Mainely Planning

Why plan for an uncertain future? Our world is changing in ways that we can hardly comprehend. The planning we have been engaged in over the last 100 years, is geared to a world with abundant energy, a stable climate, and a dwindling natural resource endowment that is reliant on cheap energy for extraction. That world is quickly becoming a thing of the past.

Oil price spikes due to supply/demand and geopolitical concerns, water shortages (Google Lake Mead, Central Valley, CA or the Ogallala Aquifer for details), and soil depletion are just a few of the problems we face. As we move forward, the notion that we can continue with business as usual (BAU) is not going to sustain us.

Thinking creatively and making difficult decisions will test our abilities, push our cultural boundaries and hopefully shape a world where these uncomfortable realities can be dealt with in an equitable and meaningful manner. I write about things I see, think, and work on as I transition from being a planning student into the world of planning. I am neither a technological optimist, thinking we can invent our way out of all our problems, nor a doomer, believing in returning to a world much like pre-industrial times. I believe that our creativity combined with the lessons from the past will be instrumental tools for laying the foundation for the path forward. Some of my ideas may seem radical, others are just based on common sense and keen observations.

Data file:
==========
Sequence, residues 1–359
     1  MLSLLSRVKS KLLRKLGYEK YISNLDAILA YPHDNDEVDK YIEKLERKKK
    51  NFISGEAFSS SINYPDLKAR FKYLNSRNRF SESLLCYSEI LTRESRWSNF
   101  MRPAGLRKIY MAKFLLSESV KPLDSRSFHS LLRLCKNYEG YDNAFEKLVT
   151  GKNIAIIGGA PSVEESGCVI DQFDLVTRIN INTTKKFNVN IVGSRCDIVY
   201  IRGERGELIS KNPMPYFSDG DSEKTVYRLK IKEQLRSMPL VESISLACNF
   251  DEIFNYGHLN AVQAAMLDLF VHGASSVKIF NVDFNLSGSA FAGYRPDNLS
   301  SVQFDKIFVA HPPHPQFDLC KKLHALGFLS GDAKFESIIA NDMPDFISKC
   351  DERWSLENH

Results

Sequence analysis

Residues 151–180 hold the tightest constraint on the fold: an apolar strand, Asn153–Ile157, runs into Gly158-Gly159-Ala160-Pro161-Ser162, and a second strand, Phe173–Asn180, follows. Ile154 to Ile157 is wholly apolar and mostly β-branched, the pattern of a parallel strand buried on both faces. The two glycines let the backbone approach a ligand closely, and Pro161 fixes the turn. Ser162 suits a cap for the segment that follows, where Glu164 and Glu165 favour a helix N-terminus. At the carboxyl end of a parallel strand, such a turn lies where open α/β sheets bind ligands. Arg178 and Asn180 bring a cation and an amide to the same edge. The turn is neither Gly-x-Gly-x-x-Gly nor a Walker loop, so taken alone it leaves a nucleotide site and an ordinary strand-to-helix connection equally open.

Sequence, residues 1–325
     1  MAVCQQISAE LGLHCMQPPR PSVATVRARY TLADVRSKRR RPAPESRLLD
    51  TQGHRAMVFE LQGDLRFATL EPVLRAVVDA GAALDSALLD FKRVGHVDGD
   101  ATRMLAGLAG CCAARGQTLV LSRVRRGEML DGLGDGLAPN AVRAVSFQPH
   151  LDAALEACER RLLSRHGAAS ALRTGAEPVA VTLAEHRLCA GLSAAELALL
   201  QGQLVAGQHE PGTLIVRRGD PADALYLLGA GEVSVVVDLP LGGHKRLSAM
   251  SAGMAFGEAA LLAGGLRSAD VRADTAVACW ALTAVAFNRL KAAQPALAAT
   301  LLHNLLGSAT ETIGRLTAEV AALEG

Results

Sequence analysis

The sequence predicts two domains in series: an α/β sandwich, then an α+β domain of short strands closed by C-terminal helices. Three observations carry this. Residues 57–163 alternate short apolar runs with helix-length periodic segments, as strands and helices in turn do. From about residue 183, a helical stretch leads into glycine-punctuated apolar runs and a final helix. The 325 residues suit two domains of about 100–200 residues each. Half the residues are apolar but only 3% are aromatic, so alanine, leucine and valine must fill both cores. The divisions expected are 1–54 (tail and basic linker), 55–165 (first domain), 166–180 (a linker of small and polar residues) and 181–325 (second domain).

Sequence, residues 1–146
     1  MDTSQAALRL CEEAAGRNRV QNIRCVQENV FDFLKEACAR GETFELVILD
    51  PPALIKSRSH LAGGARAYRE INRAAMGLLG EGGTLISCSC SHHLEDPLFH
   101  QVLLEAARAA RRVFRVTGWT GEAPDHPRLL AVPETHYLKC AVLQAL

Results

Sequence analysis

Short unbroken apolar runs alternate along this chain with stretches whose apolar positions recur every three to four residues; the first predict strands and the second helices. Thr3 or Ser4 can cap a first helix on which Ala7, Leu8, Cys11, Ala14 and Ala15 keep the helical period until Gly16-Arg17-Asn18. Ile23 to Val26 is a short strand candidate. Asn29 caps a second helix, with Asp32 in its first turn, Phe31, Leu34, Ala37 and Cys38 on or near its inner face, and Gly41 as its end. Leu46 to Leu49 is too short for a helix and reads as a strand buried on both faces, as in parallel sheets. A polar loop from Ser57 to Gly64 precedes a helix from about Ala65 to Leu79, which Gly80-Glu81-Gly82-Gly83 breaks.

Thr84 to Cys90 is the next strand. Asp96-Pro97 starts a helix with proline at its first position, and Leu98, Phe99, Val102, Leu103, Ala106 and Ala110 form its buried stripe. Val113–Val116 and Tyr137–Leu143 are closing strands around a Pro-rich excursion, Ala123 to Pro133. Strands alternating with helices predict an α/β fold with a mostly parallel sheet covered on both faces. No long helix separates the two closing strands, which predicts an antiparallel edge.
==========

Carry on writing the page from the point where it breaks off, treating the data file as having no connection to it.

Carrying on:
Links of Note


Mainely Rural
The Old Pine Tree
Strong Towns
Project For Public Spaces
Streets Blog
Cap'n Transit Rides Again
Human Transit
Pedestrian Observations
Urbanophile
The Broken Sidewalk
Maine Architecture
The Vigorous North
Depot Redux
Reason and Rail
Car Free Maine
Walk Around Portland




Transportation for America State Fact Sheets


A Reason to Plan



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Great article in the BDN the other day regarding some things I have already talked about here, regarding the Population and GDP of Maine, where those things are occurring and where the money is flowing. They hint that it isn’t flowing into the places where people are moving too, or where economic activity is occurring.

Is the State Giving Money to ‘Well-Off’ Suburbs at the Expense of Urban Areas?

The big take-away is the cities are back in a big way. Even lowly Waterville and Augusta are growing again, however state funding formulas for schools, roads and other investments aren’t flowing into these areas where services, jobs and people in need tend to be. This makes a huge case for increasing the value of our urban places through guided infrastructure investment and promoting projects that pay back big dividends to solidify the ground on which these places stand. Give the article a read.

  1. mainelyplanning posted this